The Missing Element(s) / atrium

2015

 

At the 2014 Venice Architecture Biennale, Rem Koolhaas and a host of co-researchers/authors presented a list of what they claimed to be the fundamental building elements “used by any architect, anywhere, anytime.” Elements, a book-turned-exhibition, documents the evolution of a series of building components, beginning from their early origins, across modernity, and into their speculative futures in order to exhibit their conventional uses and unconventional adaptations. The 2,336 page encyclopedia examines fifteen elements that range from the ancient floor, as the foundation between the upright body and the building, to the modern escalator as a means of mass transportation in the urban realm. 

Koolhaas isn’t the first architect in history to proclaim what he believes to be the fundamental elements of architecture, but the delivery of his treatise comes at a time in the profession in which the standardization of building parts has threatened to reduce the architect to a mere composer of catalogued items. By revealing each component’s radical transformation over time, Elements destabilizes their standard identities so the architect is able to freely speculate the future possibilities of their evolution.

The Missing Element(s) is a research project that endorses Koolhaas’s building taxonomy as a significant contribution to architectural discourse, as it urges architects to rethink their fundamental media. However, The Missing Element(s) also engages Elements critically, in order to further probe Koolhaas’s treatise. If the main intention of Elements is to analyze the fifteen most fundamental architectural components, the box set creates the dilemma of excluding what it does not include.

To explore this question, one must examine the composition of Koolhaas’s box set, while preserving his intention of defining and analyzing architecture’s basic building elements. Taken as comprehensive, Koolhaas’s periodic table can be divided into two thematic categories: enclosure and occupancy. The enclosure elements are the basic building components that construct a “space”, whereas the occupancy elements activate the space into a habitable building. In the enclosure category, elements 1 through 4—floor, wall, ceiling, and roof—are the primary means of creating a space, while 5 through 8—door, window, façade, and balcony—are the supplements that transition the user between interior and exterior realms. In the occupancy category, elements 10 and 11—fireplace and toilet—fulfill the basic human requirements for habitation, while elements 12 through 15—stair, escalator, elevator, and ramp—facilitate circulatory channels throughout the building. As an interface between enclosure and services, element 9—the corridor—is the only element comprised of other components. Formed by a union of floor, wall, and ceiling, the corridor anomalously bears a spatial condition, differing from its otherwise off-the-shelf counterparts.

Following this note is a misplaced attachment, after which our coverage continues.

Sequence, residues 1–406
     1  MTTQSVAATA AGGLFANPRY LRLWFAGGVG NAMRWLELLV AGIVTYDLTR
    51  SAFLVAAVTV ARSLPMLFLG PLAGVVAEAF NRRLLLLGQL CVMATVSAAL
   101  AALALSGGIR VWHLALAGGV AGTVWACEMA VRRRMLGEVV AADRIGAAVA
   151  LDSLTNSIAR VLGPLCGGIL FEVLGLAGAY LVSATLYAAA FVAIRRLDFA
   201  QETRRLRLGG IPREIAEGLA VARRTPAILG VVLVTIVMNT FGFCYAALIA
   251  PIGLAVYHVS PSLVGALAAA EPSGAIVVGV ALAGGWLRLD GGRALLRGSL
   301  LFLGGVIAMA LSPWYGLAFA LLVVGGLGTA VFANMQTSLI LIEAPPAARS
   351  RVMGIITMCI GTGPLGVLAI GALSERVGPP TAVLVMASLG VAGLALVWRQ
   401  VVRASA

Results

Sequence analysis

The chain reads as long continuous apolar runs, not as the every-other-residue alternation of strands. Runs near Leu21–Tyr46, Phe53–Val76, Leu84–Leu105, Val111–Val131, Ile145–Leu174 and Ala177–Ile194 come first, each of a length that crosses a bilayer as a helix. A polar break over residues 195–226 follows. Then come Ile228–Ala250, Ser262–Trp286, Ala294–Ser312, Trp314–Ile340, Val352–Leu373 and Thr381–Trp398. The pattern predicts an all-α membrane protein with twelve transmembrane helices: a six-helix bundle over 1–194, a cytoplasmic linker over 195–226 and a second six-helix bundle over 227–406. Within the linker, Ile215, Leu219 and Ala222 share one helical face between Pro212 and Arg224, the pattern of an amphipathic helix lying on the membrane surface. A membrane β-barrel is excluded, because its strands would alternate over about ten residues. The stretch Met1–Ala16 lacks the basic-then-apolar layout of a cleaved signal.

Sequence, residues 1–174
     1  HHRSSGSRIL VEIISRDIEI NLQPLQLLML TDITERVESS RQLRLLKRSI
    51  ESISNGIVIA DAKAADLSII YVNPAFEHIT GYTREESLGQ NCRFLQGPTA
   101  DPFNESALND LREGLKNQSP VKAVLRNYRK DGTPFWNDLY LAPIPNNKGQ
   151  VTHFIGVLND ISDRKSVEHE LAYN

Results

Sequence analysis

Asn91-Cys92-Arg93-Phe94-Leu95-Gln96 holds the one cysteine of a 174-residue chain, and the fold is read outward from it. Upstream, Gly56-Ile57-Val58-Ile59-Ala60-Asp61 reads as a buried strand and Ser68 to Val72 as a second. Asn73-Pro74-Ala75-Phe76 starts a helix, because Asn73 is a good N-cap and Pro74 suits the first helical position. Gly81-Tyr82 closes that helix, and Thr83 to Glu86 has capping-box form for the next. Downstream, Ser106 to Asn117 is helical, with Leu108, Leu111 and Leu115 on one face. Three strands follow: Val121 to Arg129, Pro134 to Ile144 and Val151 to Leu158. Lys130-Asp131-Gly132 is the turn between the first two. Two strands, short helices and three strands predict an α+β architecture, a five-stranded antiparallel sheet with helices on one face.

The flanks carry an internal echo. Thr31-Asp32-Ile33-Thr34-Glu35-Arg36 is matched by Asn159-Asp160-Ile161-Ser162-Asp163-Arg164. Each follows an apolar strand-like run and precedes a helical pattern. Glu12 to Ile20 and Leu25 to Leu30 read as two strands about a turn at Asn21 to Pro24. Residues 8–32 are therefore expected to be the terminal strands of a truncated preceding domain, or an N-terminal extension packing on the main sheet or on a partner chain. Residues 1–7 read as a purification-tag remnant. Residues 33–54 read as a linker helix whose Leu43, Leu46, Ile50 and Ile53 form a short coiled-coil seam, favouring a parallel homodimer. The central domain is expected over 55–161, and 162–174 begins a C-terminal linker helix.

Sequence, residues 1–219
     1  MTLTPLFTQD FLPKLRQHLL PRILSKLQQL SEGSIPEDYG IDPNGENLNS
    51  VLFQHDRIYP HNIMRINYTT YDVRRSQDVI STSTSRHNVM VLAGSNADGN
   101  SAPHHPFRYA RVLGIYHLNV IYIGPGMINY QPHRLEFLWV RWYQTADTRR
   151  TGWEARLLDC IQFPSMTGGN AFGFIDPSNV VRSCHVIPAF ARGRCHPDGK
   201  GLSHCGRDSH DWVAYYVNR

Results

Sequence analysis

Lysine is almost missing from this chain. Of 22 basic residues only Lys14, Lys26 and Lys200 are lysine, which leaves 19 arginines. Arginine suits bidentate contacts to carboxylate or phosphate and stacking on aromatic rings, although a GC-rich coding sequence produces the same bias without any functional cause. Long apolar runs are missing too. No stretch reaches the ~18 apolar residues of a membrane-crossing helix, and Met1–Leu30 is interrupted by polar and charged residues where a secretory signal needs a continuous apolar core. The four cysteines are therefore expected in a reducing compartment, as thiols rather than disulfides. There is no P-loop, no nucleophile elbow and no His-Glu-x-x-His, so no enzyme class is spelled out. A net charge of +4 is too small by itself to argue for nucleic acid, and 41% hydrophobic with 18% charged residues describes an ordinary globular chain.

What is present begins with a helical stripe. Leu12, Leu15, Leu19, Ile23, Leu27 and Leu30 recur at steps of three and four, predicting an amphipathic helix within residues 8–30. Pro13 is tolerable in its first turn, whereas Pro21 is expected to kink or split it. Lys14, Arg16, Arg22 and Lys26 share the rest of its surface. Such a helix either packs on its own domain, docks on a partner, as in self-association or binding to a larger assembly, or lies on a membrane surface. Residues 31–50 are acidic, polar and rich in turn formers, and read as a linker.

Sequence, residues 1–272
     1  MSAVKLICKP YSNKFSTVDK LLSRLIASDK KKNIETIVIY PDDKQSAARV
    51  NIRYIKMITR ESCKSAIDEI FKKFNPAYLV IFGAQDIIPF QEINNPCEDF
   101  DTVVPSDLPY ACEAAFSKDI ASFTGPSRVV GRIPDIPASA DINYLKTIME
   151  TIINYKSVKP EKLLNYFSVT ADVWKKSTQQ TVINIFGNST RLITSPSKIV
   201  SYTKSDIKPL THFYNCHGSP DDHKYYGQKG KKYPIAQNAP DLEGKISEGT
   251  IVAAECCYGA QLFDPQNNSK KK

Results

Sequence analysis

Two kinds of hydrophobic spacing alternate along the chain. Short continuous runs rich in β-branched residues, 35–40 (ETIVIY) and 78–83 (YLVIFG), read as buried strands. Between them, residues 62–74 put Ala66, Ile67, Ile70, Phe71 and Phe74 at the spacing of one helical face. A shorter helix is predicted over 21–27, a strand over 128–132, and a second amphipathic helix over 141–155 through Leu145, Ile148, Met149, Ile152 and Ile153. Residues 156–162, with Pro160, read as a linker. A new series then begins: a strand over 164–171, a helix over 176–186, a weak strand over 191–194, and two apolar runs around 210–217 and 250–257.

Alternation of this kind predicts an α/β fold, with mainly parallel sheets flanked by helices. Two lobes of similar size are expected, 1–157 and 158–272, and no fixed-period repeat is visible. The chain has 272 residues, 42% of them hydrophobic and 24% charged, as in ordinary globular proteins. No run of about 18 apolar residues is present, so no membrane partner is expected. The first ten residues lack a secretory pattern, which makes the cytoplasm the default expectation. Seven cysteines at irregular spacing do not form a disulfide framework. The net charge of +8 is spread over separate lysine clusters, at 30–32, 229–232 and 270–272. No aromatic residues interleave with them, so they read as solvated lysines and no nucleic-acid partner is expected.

The corridor constitutes an inconsistency in Koolhaas’s set as it shifts the dialogue from strictly material components to that of a spatial element. Therefore, it opens the discussion to the consideration of other spatial typologies. Given that the corridor exists as a horizontal connection on a given floor, it finds its vertical equivalent in a missing element: the atrium, a void that serves as a connection between floors. 

The atrium, in analogous fashion to the corridor, serves as a link between the categories of enclosure and occupancy. In its capacity as an enclosure, the atrium is composed of floor, wall, ceiling, and roof, which are in turn activated by doors, windows, and balconies in order to foster a functional space. To the occupancy functions, the atrium’s void provides ventilation, light, and plumbing utilities, while also enabling vertical circulation via the stair, escalator, elevator, and ramp—thereby affirming its necessity for any building of two floors and higher.

Beyond its significant interrelationships to the other elements, the atrium possesses a meaningful history that has the potential to contribute to Koolhaas’s investigation of architecture’s fundamental elements. The origin of the atrium dates back to the genesis of architecture itself, and spans diverse cultures, typologies, and scales. Although formally characterized as the central opening within a building, the atrium’s most impactful contribution lies in its propensity to create the fundamental gathering space for the unfolding of social interaction.